By Leslie Lindsay
You just have to mention the words “Italy” and “leaf” and you’ve got me. Throw in a story about friendship and I’m there. Having been an Italian aficionado for most of my life (don’t ask why, according to my Ancestry DNA results, I’m only 1% Italian), I was enamored with this children’s story by Mary Felicani, who I can assume is Italian, penned this charming story of a young Italian boy, Carlo and his quest for friendship.
Set in another time (medieval), and another place (Italy), the message is universal. Yet it’s Mary’s deft use of sensory detail that brings the story to life, thrusting me back to an ancient time when the values of friendship and belonging were just as resonate then as they are now.
I’m pleased to have Mary back this week to chat with us about her book, THE MAGIC LEAF, her love for Italy, and how we can help our children cultivate friendship.
Leslie Lindsay: Mary, it’s a pleasure to have you join us again. Thank you! I’m just in love with THE MAGIC LEAF, mostly because I love Italy, but you’re Canadian…though guessing by your last name, you’re also Italian? Can you talk a bit about your inspiration for setting THE MAGIC LEAF in Italy?
Mary Feliciani: Leslie, thank you for having me back and making me feel at home. Yes, I am Italo-Canadian. I chose my hometown in Italy as a backdrop because the story has a meaning or a moral. It seemed reminiscent of a simpler time and place. I still had fond memories of the hometown that I left as a child.
L.L.: I had to do a little research and learned Roseto is indeed a real, southeastern medieval town in Italy. Like the book, Roseto is hill town nestled in an enclave of low mountains, winding roads, and thick-walled homes to keep out the heat. It reminded me a bit of Corniglia in the Cinque Terre, yet different.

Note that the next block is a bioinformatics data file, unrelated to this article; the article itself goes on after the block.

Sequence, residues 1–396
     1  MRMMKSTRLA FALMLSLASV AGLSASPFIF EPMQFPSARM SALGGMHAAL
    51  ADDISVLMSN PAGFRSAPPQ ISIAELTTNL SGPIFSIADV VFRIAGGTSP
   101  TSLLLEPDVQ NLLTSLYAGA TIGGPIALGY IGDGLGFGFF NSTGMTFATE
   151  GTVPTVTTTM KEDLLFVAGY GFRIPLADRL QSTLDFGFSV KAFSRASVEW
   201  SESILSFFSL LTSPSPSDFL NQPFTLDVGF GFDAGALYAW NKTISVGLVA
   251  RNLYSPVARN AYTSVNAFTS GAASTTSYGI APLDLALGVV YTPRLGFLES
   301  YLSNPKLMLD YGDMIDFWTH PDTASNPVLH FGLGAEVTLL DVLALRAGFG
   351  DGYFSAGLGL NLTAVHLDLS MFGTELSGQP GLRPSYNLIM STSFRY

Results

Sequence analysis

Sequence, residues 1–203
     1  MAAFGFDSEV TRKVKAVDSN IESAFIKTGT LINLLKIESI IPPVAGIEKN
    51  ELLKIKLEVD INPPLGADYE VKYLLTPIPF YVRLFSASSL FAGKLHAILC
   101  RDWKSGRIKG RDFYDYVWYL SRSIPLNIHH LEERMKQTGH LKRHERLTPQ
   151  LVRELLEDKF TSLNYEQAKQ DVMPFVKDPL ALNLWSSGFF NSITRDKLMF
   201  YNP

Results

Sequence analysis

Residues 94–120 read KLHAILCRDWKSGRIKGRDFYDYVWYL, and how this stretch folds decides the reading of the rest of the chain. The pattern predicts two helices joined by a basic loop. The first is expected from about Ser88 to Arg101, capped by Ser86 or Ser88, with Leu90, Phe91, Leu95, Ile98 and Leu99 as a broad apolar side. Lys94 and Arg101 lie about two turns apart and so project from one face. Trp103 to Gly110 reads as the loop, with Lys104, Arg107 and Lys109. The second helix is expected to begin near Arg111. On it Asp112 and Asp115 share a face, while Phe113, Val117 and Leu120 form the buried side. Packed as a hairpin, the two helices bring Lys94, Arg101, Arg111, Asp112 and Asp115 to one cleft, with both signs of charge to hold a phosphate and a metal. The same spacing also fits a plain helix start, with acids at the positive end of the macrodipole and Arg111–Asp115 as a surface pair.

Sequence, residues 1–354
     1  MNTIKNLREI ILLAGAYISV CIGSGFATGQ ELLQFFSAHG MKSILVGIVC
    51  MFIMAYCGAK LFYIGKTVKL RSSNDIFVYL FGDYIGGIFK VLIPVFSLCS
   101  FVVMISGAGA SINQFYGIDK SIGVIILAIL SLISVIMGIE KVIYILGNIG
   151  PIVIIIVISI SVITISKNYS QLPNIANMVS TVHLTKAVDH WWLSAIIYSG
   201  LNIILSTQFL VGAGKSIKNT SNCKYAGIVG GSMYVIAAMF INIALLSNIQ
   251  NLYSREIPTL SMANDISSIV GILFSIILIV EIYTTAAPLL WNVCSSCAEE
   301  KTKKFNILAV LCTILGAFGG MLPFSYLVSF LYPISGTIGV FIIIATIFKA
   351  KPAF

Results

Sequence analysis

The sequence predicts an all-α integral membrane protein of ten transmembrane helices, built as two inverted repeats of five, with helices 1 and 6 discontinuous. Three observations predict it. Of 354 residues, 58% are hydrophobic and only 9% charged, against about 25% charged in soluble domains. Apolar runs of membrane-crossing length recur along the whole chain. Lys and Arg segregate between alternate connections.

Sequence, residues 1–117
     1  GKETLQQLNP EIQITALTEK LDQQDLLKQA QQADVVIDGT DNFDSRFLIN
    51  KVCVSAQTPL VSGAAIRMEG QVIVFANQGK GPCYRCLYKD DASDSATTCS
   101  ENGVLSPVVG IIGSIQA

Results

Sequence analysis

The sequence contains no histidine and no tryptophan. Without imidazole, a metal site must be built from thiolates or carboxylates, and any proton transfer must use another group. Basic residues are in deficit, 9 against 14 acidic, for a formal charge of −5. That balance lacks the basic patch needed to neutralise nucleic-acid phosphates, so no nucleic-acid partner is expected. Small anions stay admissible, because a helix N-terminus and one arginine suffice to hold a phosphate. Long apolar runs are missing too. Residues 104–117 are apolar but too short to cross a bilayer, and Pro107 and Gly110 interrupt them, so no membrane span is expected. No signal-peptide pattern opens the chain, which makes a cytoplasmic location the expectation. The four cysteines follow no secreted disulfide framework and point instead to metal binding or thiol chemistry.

Mary Feliciani: Leslie, I can’t believe how thorough you are. I was born in Roseto, Italy. My family immigrated to Canada when I was 6 years old. Subsequently, all my education has been in Canada. I understand Italian quite well, but like most people who leave a country when they’re young, my comprehension is better than my oral language.
When my children were small, our annual vacations were to the beaches along the eastern coast of the United States and provinces in eastern Canada. It wasn’t until 2011 that we took a family vacation to Italy. We returned again in 2013 visiting neighbouring countries as well.
The Roseto in Italy has a connection to the Roseto in Pennsylvania. If you like research, google the Roseto Effect, and you will learn of an intriguing study conducted there in the 1960s. I wasn’t aware of the Roseto Effect when I wrote THE MAGIC LEAF, but the more articles I read about it, the more meaningful my message of friendship becomes. Roseto is all about a sense of community.
L.L.: I have to talk a bit about sensory details, for a moment, because you use them beautifully here—and I think that’s such an important part of children’s literature. Kids don’t often have the experiences adults have acquired, so we have to bring those experiences to them. Can you talk a bit about how you were able to bring that town to life?
Mary Feliciani: Believe it or not, I still had a cognitive map of the town. I could visualize the town square and from that point of reference, see the location of my aunt’s house, my maternal grandmother’s house, my paternal grandmother’s house and my own home. I also recalled where my nursery school was and the uniforms we had to wear.
I asked my mother and my older brother to fill in same of the blanks. I also employed postcards, old photos, and made use of a magazine that is published by the town and sent to subscribers in other parts of the world. My mother still receives the town’s magazine.
Feasts in a small town were a really big deal back in the day. Everyone participated – even toddlers were part of the parade. Children would experience sights and sounds that wouldn’t be duplicated until the following festival.
L.L.: Those sensory details pair well with the illustrations. A children’s author has a particular challenge that adult authors don’t usually encounter: they need an illustrator. I’m curious what your experience was like working with Tina Durocher? Did you have a vision for the illustrations, or did she bring those to you?
Mary Feliciani: Thank you for asking, Leslie. Not everybody includes the illustrator when discussing a children’s book. The illustrations are half of a picture book, and just as important as the text.